Posted in Just for Fun

Tastes Like Chicken and Other Like Things

Two weeks ago, my hubby and I were hanging out with friends talking about exotic foods we’ve eaten or are willing to try. Iguana? Tastes like chicken. Alligator? Tastes like chicken. Frog legs? Yep, you guessed it. Tastes exactly like chicken. By the end of the night this became a joke and inspired a later trip to Ivanhoe to pick up a few of these mystery meats at the seafood market.

Where the Crawdads SingCollectively, the four of us have eaten enough to know that, nope, these meats do not taste like chicken. Inherently we knew that Christopher Columbus had it all wrong when he declared that snake in the new world tasted just like chicken. Besides, we have all eaten enough to know the fallacy of this oft-used phrase to describe unfamiliar foods.

While certain meats might be white and mild, each animal has its own flavor. Chefs and foodies alike recognize the many subtle variations that each fowl and fauna bring to the table.

Likewise, serious readers enjoy the nuances that define individual authors and their individual works. And yet, we are still guilty of categorizing flavors of books to appease our literary tastes.

We google “books similar to…” or tell our reader friends, “If you loved Author X, you will love Author Z.”

As a librarians, it’s what we do. As book lovers, it’s how we shop and how we recommend. Though I doubt you would ever hear one of us say, “It’s exactly like….” In part, because there are far too many word combinations, characters, and plot twists for this sentiment to hold water.

Instead, we are more like great culinary artists who know that slight variations in the amount of one ingredient over another can vastly change the flavor of the end product. Temperatures do matter. As do oils and butter and lard. It might be similar, but it will not be the same.

Keep this in mind as I offer the following recommendation. If you are one of the many who have read or thought about reading Delia Owens’ Where the Crawdads Sing, you should give The Witness Tree by Amy Pendino a try.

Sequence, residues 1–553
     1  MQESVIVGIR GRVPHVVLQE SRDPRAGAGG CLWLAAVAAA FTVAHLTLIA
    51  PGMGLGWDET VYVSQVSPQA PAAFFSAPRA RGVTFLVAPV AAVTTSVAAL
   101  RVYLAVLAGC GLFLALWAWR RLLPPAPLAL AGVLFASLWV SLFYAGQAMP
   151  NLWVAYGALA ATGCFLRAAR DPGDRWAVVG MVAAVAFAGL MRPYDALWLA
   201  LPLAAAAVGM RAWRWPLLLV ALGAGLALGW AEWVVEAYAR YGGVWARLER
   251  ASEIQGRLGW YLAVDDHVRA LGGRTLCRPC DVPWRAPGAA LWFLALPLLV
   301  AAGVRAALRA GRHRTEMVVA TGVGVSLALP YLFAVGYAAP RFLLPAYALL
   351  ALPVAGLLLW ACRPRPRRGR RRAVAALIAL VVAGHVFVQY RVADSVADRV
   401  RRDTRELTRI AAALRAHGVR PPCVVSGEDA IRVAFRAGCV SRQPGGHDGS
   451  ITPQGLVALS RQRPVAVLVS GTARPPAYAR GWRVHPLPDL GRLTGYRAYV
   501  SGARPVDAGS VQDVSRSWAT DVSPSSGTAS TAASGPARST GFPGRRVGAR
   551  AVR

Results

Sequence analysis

Both are written by debut novelists, and both tend to end up in the same shopping cart on Amazon. Both have received strong accolades from fellow writers–including two we’ve hosted at the library.

According to Minnesota author Lorna Landvik, The Witness Tree is “deeply satisfying.”

According to Kim at the circulation desk, The Witness Tree is a worthy read. What did she love about it? The main character eschewed the social constraints of the time and stood her ground in the face of 1920’s conservative attitudes.

So while these two books are as alike as alligators and rattlesnakes on the outside, they share a similar flavor–a coming of age story tied to nature, social prejudice, and characters with a strength that defies the norm.

happy reading~ jody

P.S. Railroad Street Seafood in Ivanhoe has crawdads. Though I doubt they taste like chicken!

Posted in Book Talk

Home Run Reads

Few things feel as summery as a day at the ballpark. Here are some baseball books to read, whether you’re waiting for a game to start at the park or watching the Twins on TV.

Middle Grade Fiction

  • Goodbye, Mr. Spalding by Jennifer Robin Barr
  • Soar by Joan Bauer
  • The Distance to Home by Jenn Bishop
  • Out of Left Field by Ellen Klages
  • The Big Field Mike Lupica
  • Rooting for Rafael Rosales by Kurtis Scaletta

Young Adult Fiction

  • Swing by Kwame Alexander with Mary Rand Hess
  • Battery Boys by Steven Carman
  • See No Color by Shannon Gibney
  • Stealing Parker by Miranda Keannelley
  • Heroine by Mindy McGinnis
  • The Comeback Season by Jennifer E. Smith
  • A Season of Daring Greatly by Ellen Emerson White

Adult Fiction

  • Fix Her Up by Tessa Bailey
  • The Kansas City Cowboys by Johnny D. Boggs
  • Calico Joe by John Grisham
  • The Proposal by Jasmine Guillory
  • The Art of Fielding by Chad Harbach
  • Evvie Drake Starts Over by Linda Holmes
  • One Perfect Lie by Lisa Scottoline


  • Tony Oliva by Thom Henninger
  • We Are the Ship: The Story of Negro League Baseball by Kadir Nelson
  • Faithful: Two Diehard Boston Red Sox Fans Chronicle the Historic 2004 Season by Stewart O’Nan and Stephen King
  • Town Ball: The Glory Days of Minnesota Amateur Baseball by Armand Peterson and Tom Tomashek
  • Flip Flop Fly Ball: An Infographic Baseball Adventure by Craig Robinson
  • Baseball in Minnesota by Stew Thornley



Posted in Alerts

Mark Your Calendar for Closures